To conduct the study, Rowhani-Rahbar and his colleagues Joseph Simonetti and Frederick Rivara combed through electronic databases for research on safe gun storage intervention methods. They focused exclusively on studies that used randomized or quasi-experimental trials — two of the most sound methods of conducting research — and ended up with seven studies that met their selection criteria. Six of the studies used safe storage programs that incorporated counseling on the risks of having unsecured guns in the home, and two of those also provided firearms owners with a free gun lock. One program studied provided whole gun cabinets to participants in rural Alaska, but no counseling — only instructions to lock household firearms in the cabinet and keep its key in a secure location.Of course the article had to go back to that tired talking point that there is a "dearth of firearms research" something that has been debunked but overall the results of this study that the U.S. Department of Justice made a good decision when it awarded a grant to NSSF last year to support Project ChildSafe.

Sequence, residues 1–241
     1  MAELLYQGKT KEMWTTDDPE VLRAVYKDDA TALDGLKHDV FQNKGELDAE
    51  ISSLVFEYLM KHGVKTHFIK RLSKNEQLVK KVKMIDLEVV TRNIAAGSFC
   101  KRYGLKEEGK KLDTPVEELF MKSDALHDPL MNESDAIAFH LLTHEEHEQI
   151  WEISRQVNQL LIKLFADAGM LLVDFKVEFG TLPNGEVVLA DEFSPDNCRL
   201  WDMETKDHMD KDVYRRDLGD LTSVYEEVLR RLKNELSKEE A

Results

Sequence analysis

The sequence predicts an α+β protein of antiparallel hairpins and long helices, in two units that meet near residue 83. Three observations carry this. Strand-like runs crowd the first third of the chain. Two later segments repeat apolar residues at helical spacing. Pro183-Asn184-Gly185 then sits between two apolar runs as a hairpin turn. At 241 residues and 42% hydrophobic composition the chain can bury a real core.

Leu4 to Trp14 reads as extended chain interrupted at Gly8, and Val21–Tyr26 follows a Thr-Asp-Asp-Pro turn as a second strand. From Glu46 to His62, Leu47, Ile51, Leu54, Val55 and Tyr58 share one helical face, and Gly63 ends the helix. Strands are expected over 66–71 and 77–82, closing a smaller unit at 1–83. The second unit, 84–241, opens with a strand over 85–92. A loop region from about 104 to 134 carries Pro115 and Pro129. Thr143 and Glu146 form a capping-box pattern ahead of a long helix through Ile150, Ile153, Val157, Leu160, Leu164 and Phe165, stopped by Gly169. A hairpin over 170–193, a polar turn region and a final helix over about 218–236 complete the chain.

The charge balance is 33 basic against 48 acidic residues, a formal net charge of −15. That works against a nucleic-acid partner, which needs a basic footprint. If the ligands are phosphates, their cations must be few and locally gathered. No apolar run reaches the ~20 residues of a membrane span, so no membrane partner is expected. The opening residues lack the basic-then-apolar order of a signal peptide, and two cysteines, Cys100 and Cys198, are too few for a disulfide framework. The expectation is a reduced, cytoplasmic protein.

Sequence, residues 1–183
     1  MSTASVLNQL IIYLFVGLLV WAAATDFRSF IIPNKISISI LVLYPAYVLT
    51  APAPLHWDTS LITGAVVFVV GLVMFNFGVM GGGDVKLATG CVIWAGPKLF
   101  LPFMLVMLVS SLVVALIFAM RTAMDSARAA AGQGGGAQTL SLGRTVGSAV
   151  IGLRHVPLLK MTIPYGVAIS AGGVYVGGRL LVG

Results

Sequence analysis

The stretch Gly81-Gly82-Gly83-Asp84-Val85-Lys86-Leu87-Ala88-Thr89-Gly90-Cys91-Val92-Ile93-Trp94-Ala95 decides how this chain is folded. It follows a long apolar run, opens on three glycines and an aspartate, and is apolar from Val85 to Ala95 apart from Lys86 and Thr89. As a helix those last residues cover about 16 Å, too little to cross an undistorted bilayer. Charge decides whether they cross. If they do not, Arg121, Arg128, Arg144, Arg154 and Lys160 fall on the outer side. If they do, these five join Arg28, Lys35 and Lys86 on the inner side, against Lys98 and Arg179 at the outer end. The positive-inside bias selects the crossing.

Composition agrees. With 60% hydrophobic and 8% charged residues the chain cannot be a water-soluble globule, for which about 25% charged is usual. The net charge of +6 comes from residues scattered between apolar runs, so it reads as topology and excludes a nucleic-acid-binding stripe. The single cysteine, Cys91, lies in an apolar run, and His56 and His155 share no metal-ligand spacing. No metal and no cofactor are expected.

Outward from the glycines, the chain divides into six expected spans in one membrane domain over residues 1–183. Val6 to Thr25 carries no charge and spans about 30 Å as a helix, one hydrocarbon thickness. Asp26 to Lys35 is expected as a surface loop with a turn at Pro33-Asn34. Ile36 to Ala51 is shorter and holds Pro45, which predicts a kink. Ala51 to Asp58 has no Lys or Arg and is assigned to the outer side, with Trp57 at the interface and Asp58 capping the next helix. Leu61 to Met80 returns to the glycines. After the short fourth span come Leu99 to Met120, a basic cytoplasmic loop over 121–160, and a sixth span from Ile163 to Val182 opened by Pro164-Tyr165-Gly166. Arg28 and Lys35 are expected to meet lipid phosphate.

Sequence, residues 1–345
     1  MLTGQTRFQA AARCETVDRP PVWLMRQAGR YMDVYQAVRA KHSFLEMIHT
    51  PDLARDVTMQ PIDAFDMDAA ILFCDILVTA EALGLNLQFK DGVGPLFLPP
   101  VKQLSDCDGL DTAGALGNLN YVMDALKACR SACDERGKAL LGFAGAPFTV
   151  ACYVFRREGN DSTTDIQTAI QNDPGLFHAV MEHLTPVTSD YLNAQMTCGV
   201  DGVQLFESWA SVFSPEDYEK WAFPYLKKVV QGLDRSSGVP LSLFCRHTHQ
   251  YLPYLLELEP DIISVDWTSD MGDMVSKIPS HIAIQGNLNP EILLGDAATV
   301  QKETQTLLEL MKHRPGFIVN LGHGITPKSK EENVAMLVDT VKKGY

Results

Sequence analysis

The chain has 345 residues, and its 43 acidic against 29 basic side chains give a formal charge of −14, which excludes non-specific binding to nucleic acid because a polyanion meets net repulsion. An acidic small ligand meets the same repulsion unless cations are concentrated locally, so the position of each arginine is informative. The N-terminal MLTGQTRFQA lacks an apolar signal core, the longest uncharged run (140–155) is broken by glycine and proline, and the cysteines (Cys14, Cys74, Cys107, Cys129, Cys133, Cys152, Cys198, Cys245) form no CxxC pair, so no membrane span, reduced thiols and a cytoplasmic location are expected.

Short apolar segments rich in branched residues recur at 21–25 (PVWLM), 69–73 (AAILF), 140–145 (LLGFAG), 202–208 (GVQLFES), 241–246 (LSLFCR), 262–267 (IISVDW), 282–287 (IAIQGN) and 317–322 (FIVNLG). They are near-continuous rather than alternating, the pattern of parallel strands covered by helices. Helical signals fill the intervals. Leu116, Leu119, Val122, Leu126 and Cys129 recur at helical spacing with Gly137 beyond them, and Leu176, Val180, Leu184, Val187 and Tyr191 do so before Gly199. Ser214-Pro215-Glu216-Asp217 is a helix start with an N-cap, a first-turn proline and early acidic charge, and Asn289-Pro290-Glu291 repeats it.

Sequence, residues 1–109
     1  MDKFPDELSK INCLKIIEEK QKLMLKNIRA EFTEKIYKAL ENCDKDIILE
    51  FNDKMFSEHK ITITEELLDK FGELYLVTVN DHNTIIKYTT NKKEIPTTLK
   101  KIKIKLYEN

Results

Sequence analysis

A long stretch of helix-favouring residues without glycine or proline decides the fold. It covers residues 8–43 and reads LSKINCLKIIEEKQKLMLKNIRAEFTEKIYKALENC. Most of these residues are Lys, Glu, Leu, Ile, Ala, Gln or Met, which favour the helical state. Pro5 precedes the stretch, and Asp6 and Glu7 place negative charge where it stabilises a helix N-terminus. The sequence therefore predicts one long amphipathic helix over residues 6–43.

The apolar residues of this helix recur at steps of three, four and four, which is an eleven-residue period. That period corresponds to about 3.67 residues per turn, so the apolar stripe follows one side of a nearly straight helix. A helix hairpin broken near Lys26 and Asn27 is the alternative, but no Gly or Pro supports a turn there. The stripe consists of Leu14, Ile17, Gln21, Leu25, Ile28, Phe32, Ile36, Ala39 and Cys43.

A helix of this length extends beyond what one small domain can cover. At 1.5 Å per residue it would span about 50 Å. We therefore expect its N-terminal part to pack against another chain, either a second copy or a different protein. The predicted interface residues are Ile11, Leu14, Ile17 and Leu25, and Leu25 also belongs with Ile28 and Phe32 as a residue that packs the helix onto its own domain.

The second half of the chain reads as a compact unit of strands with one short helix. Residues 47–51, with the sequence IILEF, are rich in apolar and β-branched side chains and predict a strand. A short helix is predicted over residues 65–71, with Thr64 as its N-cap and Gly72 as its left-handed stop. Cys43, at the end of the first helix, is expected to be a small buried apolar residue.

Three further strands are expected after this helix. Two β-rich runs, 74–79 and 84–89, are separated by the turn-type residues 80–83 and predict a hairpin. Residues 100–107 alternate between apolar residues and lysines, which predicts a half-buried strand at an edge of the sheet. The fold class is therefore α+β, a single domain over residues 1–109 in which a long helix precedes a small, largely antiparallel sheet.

The intervention programs that gave participants free storage devices were decidedly more effective. When subjects were given counseling and a cable lock, the share practicing safe storage increased by 9.7 percent. In the program where participants received a free gun cabinet, only 35 percent of the intervention group reported having unlocked guns in their homes in a follow-up report, compared to 89 percent of the control group. Among the programs that provided just counseling, only one produced a significant improvement in storage practices.
“If they didn’t actually give the device to participants — even if they provided a coupon or discount to buy a lock — the interventions didn’t work,” Rowhani-Rahbar says.
Wednesday, March 2, 2016
It is said that even a blind squirrel finds an acorn now and then. So it also seems Bloomberg's mouthpiece, The Trace, stumbles across the truth now and then. The gun ban lobby's favorite online news source has this story about a new study indicating programs like NSSF's Project ChildSafe are effective, because, according to the study people were much more likely to comply when provided with a free device to secure their firearms. Project ChildSafe has distributed millions of free firearm locking devices since the early 2000s. The Trace notes: